Likewise, on the virus, our program there, too, can be undone. As fast as we're moving, more adults remain to be vaccinated in April, May, and June than have already been vaccinated in February and March. We are not even halfway done yet.
Too many Americans are acting as if this fight is over. It is not. I've told people that if my administration did the hard work of getting shots to all Americans in the next few months and if the American people continued to do their part—mask up, practice social distancing—we could have a more normal July the 4th.
But this is still April, not July. We aren't there yet. And so, cases are going up again. The virus is spreading more rapidly in many places. Deaths are going up in some States. So I ask, I plead with you: Don't give back the progress we've all so—fought so hard to achieve.
We need to finish this job. We need every American to buckle down and keep their guard up in this homestretch. Wear your mask. Keep safe distance from one another. Wash your hands. Get vaccinated when it's your turn. That's how we're going to beat the virus, cast off the weight of the pandemic that's holding our economy back.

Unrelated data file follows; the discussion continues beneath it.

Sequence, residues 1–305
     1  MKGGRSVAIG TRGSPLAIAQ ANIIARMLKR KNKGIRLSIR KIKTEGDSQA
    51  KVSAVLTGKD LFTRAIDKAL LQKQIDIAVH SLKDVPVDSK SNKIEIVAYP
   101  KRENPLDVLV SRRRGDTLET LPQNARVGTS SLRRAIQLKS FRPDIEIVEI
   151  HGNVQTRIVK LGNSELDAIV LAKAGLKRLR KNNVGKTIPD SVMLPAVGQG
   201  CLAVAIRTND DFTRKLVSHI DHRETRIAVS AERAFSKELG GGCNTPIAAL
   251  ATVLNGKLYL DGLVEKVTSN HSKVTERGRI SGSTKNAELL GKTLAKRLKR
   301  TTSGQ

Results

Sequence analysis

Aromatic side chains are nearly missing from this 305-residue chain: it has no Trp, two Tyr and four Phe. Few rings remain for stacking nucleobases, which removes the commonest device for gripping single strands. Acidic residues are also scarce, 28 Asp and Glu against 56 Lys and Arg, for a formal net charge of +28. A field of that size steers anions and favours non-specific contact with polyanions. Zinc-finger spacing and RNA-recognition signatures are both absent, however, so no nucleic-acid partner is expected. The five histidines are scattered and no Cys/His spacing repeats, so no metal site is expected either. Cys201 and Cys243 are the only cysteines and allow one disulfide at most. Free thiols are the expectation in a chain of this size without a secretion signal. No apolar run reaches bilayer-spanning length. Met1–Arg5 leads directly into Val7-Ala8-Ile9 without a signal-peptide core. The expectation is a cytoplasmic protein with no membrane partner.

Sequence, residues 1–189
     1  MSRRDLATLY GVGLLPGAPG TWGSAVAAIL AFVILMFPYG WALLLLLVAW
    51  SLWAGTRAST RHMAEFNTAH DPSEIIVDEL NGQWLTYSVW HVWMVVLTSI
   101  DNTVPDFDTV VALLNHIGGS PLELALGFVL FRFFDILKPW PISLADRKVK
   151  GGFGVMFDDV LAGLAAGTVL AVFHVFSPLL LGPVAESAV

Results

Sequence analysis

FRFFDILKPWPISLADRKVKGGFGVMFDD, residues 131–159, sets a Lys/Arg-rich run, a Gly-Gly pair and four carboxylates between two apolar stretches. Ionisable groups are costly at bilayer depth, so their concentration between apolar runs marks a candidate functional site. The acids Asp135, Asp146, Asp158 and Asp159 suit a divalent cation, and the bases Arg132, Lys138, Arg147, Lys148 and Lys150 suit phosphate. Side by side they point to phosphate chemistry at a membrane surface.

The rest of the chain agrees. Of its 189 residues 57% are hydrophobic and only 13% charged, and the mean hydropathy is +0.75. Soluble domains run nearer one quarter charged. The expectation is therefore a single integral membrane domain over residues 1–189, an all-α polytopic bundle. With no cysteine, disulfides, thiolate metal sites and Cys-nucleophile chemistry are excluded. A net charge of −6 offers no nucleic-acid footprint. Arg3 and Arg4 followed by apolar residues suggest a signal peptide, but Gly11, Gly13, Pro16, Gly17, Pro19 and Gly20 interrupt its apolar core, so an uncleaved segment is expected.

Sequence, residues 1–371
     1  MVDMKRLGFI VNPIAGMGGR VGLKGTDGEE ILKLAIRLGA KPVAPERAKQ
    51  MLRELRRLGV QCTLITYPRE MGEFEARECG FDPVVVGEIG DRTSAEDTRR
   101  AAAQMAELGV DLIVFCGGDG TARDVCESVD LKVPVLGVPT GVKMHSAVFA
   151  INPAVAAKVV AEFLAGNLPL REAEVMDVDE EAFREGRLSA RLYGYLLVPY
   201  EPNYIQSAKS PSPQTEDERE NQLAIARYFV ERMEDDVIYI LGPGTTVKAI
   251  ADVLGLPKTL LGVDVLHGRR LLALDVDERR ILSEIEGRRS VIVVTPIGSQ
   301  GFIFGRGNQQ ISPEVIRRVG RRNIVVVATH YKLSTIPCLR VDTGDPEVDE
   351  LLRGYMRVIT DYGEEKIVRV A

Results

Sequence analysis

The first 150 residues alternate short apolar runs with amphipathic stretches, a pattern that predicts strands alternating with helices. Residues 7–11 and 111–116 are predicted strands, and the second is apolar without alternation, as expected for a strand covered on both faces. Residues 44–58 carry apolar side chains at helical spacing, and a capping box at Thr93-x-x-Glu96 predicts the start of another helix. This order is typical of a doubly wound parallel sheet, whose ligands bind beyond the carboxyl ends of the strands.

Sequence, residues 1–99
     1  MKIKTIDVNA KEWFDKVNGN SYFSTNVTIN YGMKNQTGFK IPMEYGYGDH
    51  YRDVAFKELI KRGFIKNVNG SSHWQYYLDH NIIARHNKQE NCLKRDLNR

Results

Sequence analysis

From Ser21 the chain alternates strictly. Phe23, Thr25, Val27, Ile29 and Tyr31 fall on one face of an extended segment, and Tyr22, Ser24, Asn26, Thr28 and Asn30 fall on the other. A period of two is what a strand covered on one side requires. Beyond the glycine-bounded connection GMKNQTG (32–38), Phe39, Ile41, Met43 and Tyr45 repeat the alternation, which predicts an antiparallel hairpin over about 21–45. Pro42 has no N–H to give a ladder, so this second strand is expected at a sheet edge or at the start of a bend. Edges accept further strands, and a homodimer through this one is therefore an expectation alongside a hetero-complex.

While the earliest signs from this job report that's announcing today are promising and the American Rescue Plan is starting to make a real difference, today's report also reminds us how deep a hole we started in. After a year of devastation, there are still 8.4 million fewer jobs today than there were last March—8.4 million. We created 900,000 again. But 8.4 million jobs fewer today than last March.
So, too many Americans who have been unemployed for longer than 6 months. Too many women have been forced out of the workforce. Unemployment among people of color remains far too high. Yes, we've made progress by starting to build an economy from the bottom up and the middle out. And yes, the American Rescue Plan is laying the foundation for that economy. But we still need the American Jobs Plan to build on that foundation to build this country back better.